Enter John Ioannidis at the dawn of the pandemic
So why have I, after having procrastinated so much over writing this post, finally pulled the trigger and written it? It came in the context of a Twitter discussion a week ago about “silencing” of academics who advocate contrarian views about the pandemic and a new paper by Prof. Ioannidis published on Friday. An example of one thread that I saw last week follows:
Which led a friend of the blog, who wrote an excellent book about critical thinking in medicine (reviewed by Harriet Hall) to bring up an example:
And, a couple of weeks before:
Which brings us back to John Ioannidis. Let’s go through a bit of background first.
Back in April 2020, Ioannidis was co-author of a much-criticized study, COVID-19 Antibody Seroprevalence in Santa Clara County, California. The study was originally published on the pre-print server medRxiv, which by then had become the go-to outlet to publish COVID-19 research before it had been fully peer-reviewed and made it into even the E-pub-ahead-of-print sections of journals. The reason at the time for using preprint servers, which have not been as prominent a year into the pandemic as they were then, was that SARS-CoV-2 and the pandemic were so new and the science was moving so fast that waiting for new papers to go through peer review before they saw the light of day seemed way too slow for the situation.
Ironically, this brings up a point and prediction made by Ioannidis over a year ago with which I most heartily agreed (and continue to agree), namely that governments and public health officials were making decisions without good data. There is no doubt that this was true then (and, to a lesser extent, remains true now). Even a year later, after a tsunami of COVID-19 studies, the science remains more confusing than we would like. Ioannidis also predicted a “once-in-a-century” data fiasco. Even though that was a pretty easy prediction in the early days of the pandemic, you have to give it to the man. He was right. It’s just ironic that Prof. Ioannidis ended up substantially contributing to the data fiasco.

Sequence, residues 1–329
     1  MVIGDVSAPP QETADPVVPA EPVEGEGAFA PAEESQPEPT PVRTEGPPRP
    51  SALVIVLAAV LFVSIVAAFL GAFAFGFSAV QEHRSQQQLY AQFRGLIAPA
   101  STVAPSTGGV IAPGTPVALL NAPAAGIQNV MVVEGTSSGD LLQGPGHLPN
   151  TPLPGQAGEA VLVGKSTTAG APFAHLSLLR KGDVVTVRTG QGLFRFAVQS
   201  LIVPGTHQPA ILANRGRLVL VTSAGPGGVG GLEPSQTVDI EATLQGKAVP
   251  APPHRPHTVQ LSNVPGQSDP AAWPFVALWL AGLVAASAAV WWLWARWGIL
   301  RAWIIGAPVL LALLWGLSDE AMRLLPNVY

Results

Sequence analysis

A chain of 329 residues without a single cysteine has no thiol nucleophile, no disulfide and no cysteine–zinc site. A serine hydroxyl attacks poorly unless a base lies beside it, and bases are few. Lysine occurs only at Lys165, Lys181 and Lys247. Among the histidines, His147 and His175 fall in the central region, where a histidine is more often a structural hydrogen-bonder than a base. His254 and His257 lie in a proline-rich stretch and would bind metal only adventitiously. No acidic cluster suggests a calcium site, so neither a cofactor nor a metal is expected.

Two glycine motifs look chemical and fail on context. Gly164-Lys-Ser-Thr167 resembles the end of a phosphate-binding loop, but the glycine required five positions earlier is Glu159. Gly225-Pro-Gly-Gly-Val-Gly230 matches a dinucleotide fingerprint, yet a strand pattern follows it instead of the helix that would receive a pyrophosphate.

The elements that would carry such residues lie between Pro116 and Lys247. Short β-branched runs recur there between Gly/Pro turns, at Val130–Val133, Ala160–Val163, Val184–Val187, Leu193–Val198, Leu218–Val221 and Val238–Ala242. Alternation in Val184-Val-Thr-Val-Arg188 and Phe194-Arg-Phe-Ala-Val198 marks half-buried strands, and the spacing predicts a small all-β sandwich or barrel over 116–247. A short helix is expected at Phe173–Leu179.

It started when Ioannidis wrote:
If we assume that case fatality rate among individuals infected by SARS-CoV-2 is 0.3% in the general population — a mid-range guess from my Diamond Princess analysis — and that 1% of the U.S. population gets infected (about 3.3 million people), this would translate to about 10,000 deaths. This sounds like a huge number, but it is buried within the noise of the estimate of deaths from “influenza-like illness.” If we had not known about a new virus out there, and had not checked individuals with PCR tests, the number of total deaths due to “influenza-like illness” would not seem unusual this year. At most, we might have casually noted that flu this season seems to be a bit worse than average. The media coverage would have been less than for an NBA game between the two most indifferent teams.